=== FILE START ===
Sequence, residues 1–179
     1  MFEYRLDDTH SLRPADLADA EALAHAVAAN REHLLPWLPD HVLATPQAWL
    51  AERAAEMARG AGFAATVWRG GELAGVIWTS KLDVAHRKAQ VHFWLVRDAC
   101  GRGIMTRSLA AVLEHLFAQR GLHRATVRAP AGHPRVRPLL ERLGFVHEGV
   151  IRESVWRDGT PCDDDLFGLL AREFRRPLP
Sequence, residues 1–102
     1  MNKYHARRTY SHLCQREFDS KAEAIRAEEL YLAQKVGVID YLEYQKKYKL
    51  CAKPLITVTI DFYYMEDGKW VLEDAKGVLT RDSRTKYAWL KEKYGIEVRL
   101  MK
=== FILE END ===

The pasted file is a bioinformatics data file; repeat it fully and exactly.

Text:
Sequence, residues 1–179
     1  MFEYRLDDTH SLRPADLADA EALAHAVAAN REHLLPWLPD HVLATPQAWL
    51  AERAAEMARG AGFAATVWRG GELAGVIWTS KLDVAHRKAQ VHFWLVRDAC
   101  GRGIMTRSLA AVLEHLFAQR GLHRATVRAP AGHPRVRPLL ERLGFVHEGV
   151  IRESVWRDGT PCDDDLFGLL AREFRRPLP
Sequence, residues 1–102
     1  MNKYHARRTY SHLCQREFDS KAEAIRAEEL YLAQKVGVID YLEYQKKYKL
    51  CAKPLITVTI DFYYMEDGKW VLEDAKGVLT RDSRTKYAWL KEKYGIEVRL
   101  MK